Integration is vital to the future of UK crop production

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The increased integration of research with practice is making a significant contribution to the future success of UK crop production, delegates learned at the tenth AHDB Agronomists’ Conference.

Taking place on 7 and 8 December in Peterborough, the conference highlighted the value of farmer-led knowledge exchange initiatives and the importance of combining increasingly limited funds and resources.

Delegates also heard how major new initiatives have opened up significant opportunities for the UK’s research community to tap into multi-million pound investment programmes.

Inspire, innovate and integrate

Around 300 agronomists, growers and other members of the arable industry watched the 2016 conference, which saw AHDB Cereals & Oilseeds and AHDB Potatoes unite to showcase evidence-based developments in agronomy for the first time.

Conducted under the 2016 conference theme ‘Inspire, Innovate, Integrate’, the unifying message was that ‘integration’ in crop production was the most important, yet often hardest, thing to get right.

Integrated research

A detailed insight into the AHDB-supported £21 million crop health and protection (CHAP) initiative, launched earlier this year, was given by AHDB’s Jon Knight.

He said that CHAP had provided essential funding to bring likeminded people together to crack some of global agriculture’s most pressing crop protection challenges.

Dr Knight also said that the initiative had already “brought much-needed investment” in the Sutton Bridge Crop Storage Research Unit and added that it can now “bring even more post-harvest solutions to growers”.

The opportunity provided by UK Government’s £1.5 billion Global Challenges Fund, which CHAP can access, to help develop international solutions that “reflect UK needs” was also emphasised.

Integrated disease management

Understanding pathogen populations was a common subject on both conference days.

Delegates heard, for example, that the dynamics of potato blight strains had shifted over recent years. New strains continue to appear with uncertain implications for disease development and control.

Low-moderate SDHI insensitivities were also found in late-season septoria samples taken from SDHI-treated wheat fungicide trial sites (9/9), although highly insensitive strains remain rare.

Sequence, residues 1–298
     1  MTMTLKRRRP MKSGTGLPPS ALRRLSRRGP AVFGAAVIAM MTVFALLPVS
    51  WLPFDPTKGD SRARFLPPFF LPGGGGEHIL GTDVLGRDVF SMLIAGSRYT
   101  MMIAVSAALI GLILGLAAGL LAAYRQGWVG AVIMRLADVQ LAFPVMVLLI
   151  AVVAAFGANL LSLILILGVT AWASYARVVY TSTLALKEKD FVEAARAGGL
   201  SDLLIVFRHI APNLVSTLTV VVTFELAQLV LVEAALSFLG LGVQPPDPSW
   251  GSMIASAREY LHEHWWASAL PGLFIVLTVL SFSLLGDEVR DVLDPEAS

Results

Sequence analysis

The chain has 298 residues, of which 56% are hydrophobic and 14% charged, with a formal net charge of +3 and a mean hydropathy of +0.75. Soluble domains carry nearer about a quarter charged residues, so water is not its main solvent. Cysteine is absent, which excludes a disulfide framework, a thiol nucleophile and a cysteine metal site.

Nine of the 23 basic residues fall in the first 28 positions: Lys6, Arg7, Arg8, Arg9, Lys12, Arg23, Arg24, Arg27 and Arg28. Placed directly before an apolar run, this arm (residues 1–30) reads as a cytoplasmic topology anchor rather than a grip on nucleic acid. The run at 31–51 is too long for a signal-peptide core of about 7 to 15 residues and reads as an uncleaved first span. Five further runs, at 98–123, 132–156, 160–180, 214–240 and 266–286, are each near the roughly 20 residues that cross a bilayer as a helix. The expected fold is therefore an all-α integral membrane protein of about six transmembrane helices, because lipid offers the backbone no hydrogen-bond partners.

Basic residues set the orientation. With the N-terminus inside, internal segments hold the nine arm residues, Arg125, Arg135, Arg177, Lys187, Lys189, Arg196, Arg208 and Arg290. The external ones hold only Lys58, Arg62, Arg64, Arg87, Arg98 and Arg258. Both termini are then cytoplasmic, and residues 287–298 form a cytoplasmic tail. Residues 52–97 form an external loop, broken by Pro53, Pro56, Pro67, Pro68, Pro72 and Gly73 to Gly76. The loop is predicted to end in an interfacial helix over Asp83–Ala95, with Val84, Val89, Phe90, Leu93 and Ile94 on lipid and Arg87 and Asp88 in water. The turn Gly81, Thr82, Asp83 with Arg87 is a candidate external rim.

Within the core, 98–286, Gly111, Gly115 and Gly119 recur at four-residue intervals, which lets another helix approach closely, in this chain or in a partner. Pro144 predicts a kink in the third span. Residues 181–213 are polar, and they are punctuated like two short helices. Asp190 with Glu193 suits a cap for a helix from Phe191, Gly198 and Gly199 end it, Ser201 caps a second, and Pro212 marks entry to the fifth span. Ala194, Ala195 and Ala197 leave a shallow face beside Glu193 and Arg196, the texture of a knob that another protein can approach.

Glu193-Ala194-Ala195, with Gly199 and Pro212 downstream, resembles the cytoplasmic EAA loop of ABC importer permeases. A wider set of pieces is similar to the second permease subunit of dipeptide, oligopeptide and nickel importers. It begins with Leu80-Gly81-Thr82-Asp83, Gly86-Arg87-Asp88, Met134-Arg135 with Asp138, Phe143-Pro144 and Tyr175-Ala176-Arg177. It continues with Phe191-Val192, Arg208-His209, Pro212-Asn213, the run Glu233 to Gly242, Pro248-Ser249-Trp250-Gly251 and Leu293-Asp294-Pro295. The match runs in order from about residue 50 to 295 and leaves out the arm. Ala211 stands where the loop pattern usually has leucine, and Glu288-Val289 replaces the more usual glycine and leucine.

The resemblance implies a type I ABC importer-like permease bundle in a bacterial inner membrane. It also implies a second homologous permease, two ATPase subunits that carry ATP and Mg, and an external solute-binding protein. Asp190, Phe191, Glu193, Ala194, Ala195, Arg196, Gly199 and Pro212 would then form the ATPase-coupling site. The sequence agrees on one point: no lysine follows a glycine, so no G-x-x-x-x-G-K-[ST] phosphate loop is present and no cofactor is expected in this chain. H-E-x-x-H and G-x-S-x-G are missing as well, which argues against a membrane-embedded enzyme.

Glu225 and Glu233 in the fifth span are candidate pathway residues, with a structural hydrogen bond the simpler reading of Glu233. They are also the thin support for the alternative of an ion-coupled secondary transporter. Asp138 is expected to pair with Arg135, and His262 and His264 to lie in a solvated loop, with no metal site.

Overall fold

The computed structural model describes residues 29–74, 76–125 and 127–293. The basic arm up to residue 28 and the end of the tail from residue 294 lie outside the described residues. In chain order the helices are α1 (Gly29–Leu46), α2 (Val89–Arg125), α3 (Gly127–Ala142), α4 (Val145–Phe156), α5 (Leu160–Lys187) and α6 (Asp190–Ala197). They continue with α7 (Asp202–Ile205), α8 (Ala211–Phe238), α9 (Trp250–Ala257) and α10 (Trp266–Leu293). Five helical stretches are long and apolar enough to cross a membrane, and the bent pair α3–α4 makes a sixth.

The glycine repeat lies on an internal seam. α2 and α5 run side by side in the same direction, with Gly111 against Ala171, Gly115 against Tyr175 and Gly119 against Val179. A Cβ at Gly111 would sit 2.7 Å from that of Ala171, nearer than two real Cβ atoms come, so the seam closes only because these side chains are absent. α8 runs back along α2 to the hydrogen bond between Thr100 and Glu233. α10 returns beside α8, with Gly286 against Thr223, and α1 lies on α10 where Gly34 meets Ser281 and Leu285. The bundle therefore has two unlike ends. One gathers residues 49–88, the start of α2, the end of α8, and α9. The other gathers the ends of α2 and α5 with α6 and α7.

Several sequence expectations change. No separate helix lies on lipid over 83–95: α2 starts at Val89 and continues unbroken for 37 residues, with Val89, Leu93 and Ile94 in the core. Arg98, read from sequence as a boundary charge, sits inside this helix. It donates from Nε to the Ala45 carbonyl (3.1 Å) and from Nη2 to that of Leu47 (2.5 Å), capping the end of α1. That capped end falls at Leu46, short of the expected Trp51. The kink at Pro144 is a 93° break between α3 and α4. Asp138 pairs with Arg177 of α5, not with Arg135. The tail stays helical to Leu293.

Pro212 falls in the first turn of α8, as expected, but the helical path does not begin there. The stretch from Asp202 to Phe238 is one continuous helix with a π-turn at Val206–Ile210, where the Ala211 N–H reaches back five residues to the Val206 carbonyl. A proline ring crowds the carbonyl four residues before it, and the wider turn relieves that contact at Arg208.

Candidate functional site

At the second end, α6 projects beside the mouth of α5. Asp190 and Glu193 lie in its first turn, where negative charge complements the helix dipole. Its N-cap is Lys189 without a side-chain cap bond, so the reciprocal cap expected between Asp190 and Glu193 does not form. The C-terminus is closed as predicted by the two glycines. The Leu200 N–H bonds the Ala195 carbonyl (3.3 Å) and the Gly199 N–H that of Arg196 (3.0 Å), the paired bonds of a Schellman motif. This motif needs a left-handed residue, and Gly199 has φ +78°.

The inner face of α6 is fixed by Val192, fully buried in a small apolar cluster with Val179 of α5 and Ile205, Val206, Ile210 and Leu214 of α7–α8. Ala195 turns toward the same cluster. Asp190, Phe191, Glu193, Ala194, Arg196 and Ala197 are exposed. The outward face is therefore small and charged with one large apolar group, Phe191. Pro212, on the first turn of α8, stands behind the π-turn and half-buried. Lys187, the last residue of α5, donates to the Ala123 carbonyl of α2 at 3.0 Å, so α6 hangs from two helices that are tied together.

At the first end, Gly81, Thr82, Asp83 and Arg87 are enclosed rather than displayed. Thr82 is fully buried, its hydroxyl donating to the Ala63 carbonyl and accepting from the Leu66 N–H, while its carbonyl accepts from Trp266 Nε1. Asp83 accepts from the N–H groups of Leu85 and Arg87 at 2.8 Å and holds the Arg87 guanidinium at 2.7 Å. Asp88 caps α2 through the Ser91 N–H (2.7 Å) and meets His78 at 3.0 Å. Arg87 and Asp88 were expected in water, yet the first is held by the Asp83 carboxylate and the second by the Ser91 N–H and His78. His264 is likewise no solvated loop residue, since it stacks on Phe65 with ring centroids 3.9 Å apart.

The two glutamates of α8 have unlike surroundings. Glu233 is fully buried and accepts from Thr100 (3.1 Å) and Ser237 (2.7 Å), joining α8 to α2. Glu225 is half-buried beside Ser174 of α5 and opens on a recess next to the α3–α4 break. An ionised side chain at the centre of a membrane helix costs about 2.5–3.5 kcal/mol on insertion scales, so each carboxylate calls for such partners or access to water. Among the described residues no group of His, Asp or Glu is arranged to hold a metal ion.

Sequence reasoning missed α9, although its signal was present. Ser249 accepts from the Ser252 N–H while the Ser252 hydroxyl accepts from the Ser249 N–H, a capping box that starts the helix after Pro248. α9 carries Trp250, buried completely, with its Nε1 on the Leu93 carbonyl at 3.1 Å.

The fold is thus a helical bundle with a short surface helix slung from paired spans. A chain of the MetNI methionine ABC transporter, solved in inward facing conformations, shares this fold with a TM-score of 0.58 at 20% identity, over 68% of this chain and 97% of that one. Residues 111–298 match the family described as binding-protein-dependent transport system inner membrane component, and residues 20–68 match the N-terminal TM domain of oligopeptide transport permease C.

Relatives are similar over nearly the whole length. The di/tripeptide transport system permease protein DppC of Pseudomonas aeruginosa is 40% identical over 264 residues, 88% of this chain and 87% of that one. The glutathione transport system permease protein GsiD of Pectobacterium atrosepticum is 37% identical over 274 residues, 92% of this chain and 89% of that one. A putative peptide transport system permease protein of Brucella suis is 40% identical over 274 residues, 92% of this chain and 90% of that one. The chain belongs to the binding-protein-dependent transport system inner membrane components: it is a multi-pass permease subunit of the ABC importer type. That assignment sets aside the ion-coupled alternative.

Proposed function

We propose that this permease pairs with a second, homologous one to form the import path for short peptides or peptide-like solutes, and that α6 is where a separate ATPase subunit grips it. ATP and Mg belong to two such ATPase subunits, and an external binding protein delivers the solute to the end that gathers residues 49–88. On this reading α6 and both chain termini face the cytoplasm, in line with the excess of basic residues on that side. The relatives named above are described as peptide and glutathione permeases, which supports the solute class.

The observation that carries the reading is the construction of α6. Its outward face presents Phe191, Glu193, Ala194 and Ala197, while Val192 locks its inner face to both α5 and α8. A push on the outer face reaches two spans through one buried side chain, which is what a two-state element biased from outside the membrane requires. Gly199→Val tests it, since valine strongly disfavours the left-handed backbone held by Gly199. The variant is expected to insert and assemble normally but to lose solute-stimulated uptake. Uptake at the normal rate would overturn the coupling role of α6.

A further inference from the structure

Delegates were reminded of the importance of following resistance management guidance published by the Fungicide Resistance Action Group (FRAG-UK) and, especially, to exploit alternative modes of action as much as possible.

Refinements to disease management tools were also announced, including the release of new risk criteria to transform the performance of Potato Late Blight alert systems and the publication of septoria disease ratings to one decimal place.

On the latter point, AHDB’s Simon Oxley stated that emerging SDHI insensitivities meant growers should limit fungicide applications. He added that making it easier to identify varieties with superior disease resistance would help growers restrict their agrochemical use.

Integrated pest management

Growers have become increasingly dependent on relatively cheap pyrethroids. In fact, 94% of insecticides applied to UK wheat and oilseed rape are now pyrethroids.

Speaking on the resulting selection pressure, AHDB’s Caroline Nicholls said “new cases of pyrethroid resistance have doubled in the last three years” and she urged the industry “to consider the long-term price of prescribing pyrethroids, use more alternative modes of action and protect natural pest predators more.”

Delegates also learned that better targeting of potato cyst nematodes (PCN) had moved much closer, following the most significant update of PCN population dynamics data in ten years.

Integrated systems

The pros and cons of cover crops were also supplied via a data-filled presentation delivered by NIAB TAG’s Ron Stobart. He said that although there is no “one-size-fits all recommendation”, a key take-home message was that it can take several seasons to reap the full benefit from a cover crop and this must be considered to gauge their true rotational value.

Presentations, delivered by open-minded growers, involved in farmer-led initiatives (including Nuffield Farming Scholarships, SPot farms and Monitor Farms), hammered home the importance of farming in an integrated way that respects the system.

To make marginal gains, which really add up, UK growers should work as a team, learn from global agriculture experiences, balance rotations (including considering cover crops and livestock opportunities) and gather and, importantly, make the most out of on-farm trials’ and agronomic data.

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